On the other hand, if you don’t want to take over the entire page, you could consider displaying the pop-up in a corner of the screen.

For example, maybe a pop-up slides into the bottom right-hand corner to recommend blog posts. The slide-in message seen below suggests the most recent blog post in the category the user has spent the most time viewing, but it’s also one that they haven’t already read. Note that this one is much smaller than the Zumiez pop-up, as we don’t want to stop the visitor from reading the article behind it. We just want to encourage them to continue reading related articles.

Ultimately, the level of disruption you incorporate into pop-up experiences depends on your goals and the type of experience you’d like to deliver.

Pick the right moment.

Finally, you need to consider timing. The moment your message appears will have a huge impact on how well (or how poorly) the message is received. Many websites deliver a pop-up message the second a visitor lands on the site. That may be effective at catching attention, but does it really provide a good experience?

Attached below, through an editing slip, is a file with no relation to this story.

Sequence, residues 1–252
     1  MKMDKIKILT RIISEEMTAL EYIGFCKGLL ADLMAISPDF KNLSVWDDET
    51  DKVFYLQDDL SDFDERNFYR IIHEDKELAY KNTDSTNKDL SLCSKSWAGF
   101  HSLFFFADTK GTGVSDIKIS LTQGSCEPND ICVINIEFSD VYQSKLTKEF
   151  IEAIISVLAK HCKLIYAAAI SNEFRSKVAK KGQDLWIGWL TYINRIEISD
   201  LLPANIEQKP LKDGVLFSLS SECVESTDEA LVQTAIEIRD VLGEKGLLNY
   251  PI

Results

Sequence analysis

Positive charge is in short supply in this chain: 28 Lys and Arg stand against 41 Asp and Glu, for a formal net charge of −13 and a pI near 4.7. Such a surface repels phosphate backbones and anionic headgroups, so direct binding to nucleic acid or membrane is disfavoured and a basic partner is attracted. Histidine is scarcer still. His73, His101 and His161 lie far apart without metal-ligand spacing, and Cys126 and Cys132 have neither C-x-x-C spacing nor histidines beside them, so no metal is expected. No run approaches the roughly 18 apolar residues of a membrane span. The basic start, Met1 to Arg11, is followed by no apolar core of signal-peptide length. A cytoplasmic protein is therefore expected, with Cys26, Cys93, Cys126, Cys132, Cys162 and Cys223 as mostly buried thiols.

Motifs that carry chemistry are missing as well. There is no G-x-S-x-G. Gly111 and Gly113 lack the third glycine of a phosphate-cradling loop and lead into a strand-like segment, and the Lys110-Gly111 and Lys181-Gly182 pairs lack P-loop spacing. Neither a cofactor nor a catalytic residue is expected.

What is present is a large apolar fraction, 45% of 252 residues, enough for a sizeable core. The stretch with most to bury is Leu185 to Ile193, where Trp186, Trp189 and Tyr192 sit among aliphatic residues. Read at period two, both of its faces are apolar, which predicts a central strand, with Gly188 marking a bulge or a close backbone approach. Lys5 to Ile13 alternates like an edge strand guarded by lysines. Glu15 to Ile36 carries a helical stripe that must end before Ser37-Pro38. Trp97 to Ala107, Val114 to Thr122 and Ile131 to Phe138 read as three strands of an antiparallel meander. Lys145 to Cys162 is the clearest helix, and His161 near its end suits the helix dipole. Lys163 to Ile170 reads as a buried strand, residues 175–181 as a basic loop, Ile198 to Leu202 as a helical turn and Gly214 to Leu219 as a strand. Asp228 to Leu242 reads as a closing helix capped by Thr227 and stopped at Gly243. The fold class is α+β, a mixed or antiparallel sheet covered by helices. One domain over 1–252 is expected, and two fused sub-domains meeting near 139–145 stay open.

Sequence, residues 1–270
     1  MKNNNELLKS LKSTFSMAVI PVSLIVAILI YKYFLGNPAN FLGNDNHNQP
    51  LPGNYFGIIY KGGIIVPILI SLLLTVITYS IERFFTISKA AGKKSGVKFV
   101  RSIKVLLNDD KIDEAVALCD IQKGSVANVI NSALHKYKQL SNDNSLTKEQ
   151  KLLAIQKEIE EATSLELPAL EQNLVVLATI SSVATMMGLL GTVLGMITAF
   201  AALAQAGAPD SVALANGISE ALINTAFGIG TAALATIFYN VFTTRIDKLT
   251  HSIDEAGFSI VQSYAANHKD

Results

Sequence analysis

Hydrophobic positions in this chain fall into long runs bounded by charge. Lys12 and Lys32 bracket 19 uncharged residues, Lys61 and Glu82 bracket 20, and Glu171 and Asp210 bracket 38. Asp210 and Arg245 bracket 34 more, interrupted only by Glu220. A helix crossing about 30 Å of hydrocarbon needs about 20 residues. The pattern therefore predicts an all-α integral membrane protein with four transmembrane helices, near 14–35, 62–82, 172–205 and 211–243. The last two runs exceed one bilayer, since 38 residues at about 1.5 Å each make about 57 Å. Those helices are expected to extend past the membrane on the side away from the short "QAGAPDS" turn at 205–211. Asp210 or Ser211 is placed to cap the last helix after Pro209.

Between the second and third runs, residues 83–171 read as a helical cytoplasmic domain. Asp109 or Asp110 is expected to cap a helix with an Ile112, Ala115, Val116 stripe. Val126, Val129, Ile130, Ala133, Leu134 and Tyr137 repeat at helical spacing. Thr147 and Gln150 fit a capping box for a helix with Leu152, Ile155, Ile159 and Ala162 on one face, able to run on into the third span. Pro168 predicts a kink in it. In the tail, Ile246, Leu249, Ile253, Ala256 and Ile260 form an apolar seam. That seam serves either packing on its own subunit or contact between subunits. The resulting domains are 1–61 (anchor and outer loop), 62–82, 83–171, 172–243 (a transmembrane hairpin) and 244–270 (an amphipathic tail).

When it comes to pop-up message timing, there is no easy answer. Your timing should depend on what you’re promoting or what action you’re trying to drive. For example, it likely doesn’t make sense to ask visitors if they want a demo of your product right when they land on your website. They’ll likely be more receptive after they have read through a few pages first.

You can choose to serve pop-up messages based on a number of different criteria, including:

 
The amount of time a person has spent on a specific page or in total on the site
 
The number of pages they have explored
 
Whether they have taken or not taken a certain action
 
How far down a page they have scrolled
When you pick your moment based on time spent or behaviors demonstrated, you’ll be more likely to catch your visitor at the right moment.

Final thoughts

A pop-up message is just one type of experience you can serve to your website visitors. There are many different ways to communicate across a website with both generic and personalized experiences. And while pop-ups can certainly be effective, they should not be overused. Consider whether your message truly calls for a pop-up or if another type of interaction may provide a better user experience.

To learn more about how Interaction Studio can help you deliver personalized content in your pop-up messages and through many other experiences across channels, request a demo today.